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No patent application directed to CRISPR has yet fallen foul of the EU’s Biotech Directive on the basis of the human embryo use exception, but the technology is still in its nascent stage. Ashley Roughton of Nabarro reports.
Current understandings of gene-editing are that the proper or most likely fruitful and efficient approach concerns ‘correcting’ cells which, in turn, means editing their genetic codes in some respects. The most obvious strategy for gene-editing is to target totipotent cells, ie, those cells which remain differentiated as part of the development process or, more colloquially, the building blocks. Totipotent cells can be found in embryos and are often known as embryonic stem cells. The use and exploitation of such cells is regulated to some degree as far as human embryonic cells are concerned.
How does our current framework function in a patent context? At present, schedule A2 of the UK Patents Act 1977 tells us that processes for modifying the germ line genetic identity of human beings and uses of human embryos for industrial or commercial purposes are not patentable. What those words have been construed as meaning is something quite different.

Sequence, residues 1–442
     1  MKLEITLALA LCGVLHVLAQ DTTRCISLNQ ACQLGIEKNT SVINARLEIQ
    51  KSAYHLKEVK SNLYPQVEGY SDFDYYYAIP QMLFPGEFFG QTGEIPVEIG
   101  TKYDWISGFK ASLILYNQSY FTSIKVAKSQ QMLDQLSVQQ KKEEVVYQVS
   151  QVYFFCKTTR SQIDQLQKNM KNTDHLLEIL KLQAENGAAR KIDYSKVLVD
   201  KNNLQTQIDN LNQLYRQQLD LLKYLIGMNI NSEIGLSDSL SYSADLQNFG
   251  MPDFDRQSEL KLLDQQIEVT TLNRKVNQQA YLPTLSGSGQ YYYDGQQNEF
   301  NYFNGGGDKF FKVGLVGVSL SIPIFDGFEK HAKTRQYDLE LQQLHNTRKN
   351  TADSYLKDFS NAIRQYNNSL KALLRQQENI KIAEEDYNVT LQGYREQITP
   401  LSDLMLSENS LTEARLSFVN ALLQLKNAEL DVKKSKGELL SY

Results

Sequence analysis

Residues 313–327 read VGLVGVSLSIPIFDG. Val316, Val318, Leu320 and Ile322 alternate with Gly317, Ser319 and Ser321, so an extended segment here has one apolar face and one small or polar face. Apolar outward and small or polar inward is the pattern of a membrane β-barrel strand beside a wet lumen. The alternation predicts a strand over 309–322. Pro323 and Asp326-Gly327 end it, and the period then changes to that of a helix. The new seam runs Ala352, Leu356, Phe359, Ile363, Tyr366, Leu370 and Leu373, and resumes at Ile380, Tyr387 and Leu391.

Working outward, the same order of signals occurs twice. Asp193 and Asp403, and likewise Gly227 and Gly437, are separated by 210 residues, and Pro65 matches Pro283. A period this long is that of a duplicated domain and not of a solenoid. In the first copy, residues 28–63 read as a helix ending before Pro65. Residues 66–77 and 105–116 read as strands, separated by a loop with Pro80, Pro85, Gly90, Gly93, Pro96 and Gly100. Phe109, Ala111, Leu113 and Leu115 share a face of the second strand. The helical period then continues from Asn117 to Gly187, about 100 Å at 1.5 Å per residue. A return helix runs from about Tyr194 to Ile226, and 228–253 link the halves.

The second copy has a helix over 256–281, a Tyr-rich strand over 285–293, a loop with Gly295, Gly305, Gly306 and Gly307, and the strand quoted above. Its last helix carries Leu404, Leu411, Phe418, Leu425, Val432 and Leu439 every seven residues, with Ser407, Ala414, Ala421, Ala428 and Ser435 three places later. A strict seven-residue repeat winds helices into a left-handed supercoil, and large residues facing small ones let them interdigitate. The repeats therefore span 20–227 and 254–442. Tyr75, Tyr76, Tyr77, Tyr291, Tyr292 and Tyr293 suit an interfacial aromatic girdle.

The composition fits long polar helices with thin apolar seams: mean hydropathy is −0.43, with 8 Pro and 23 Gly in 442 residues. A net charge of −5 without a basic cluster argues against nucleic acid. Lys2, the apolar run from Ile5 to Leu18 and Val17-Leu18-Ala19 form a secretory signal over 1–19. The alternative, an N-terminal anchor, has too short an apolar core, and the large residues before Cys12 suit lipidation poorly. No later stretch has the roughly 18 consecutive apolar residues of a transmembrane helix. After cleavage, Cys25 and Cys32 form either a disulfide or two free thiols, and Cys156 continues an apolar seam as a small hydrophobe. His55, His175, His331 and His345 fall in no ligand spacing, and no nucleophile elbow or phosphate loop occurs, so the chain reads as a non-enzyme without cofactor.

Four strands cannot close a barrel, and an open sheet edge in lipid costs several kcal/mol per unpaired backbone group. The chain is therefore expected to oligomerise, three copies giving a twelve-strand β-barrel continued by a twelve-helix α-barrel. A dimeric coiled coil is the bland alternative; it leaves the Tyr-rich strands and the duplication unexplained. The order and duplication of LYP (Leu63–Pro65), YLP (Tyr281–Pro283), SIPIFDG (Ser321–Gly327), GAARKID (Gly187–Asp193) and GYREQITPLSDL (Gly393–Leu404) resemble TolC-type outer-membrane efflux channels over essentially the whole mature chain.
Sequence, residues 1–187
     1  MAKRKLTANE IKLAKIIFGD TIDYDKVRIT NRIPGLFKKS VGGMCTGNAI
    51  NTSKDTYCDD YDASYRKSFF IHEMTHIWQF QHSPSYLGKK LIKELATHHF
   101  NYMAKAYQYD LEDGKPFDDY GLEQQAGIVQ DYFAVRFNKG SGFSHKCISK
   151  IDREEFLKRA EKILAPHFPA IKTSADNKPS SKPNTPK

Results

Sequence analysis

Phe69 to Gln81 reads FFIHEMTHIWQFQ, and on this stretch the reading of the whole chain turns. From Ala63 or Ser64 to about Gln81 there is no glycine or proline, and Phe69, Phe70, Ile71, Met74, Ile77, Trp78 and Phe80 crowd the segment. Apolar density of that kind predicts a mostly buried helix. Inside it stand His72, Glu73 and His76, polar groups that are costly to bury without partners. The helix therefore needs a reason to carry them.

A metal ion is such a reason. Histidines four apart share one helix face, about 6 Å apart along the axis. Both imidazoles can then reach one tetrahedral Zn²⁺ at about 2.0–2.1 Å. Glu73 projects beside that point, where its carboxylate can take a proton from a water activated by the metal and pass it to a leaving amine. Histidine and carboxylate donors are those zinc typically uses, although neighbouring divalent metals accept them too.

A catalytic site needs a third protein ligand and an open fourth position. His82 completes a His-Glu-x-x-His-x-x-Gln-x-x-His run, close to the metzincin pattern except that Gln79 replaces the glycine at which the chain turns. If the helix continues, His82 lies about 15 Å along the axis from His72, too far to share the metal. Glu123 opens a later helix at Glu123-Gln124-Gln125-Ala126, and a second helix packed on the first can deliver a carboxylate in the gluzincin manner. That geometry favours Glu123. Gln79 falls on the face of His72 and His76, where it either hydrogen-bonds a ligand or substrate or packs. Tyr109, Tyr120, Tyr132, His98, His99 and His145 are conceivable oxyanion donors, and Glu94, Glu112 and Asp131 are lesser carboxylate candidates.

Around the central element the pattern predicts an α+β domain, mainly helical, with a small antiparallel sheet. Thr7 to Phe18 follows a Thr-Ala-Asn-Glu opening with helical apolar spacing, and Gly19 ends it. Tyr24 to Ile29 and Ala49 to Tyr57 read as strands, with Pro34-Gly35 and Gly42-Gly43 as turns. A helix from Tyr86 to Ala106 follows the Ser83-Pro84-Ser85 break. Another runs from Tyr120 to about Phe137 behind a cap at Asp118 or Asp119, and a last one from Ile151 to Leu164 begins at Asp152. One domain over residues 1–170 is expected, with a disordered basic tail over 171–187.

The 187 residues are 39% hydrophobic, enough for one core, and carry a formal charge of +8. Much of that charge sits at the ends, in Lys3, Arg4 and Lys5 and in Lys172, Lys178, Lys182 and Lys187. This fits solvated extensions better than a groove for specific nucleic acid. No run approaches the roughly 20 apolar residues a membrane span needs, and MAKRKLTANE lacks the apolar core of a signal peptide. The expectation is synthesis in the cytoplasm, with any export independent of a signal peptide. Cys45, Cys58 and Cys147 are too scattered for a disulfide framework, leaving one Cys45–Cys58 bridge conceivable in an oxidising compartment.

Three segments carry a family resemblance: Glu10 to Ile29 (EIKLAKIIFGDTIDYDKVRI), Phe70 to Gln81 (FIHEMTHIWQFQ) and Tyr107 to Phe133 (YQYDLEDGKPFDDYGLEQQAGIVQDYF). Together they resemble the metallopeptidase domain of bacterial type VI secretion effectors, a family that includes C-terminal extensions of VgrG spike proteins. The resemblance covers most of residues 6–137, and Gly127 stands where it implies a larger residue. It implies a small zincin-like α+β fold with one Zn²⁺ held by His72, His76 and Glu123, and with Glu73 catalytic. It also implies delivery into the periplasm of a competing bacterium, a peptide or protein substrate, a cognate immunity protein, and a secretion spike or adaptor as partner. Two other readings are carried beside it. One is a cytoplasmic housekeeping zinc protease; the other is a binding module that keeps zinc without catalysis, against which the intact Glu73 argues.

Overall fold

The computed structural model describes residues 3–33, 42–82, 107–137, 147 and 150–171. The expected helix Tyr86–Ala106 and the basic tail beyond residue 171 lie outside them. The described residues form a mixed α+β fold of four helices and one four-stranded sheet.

In Oliver Brüstle v Greenpeace (2012), the Court of Justice of the European Union made it clear that the equivalent of paragraph 3(d) of schedule A2 in the Biotech Directive does not merely prohibit the patenting of methods which expressly stipulate the use of human embryos for industrial or commercial purposes. The court added that the prohibition extends to patenting methods which necessarily require, but do not claim, the use of human embryos for industrial or commercial purposes, whether or not that requirement is expressed in the claims of the patent or patent application.
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Ashley Roughton, Nabarro, Enzymes, embryonic, patent, CRISPR, America Invents Act, Biotech Directive, DNA, gene, gene-editing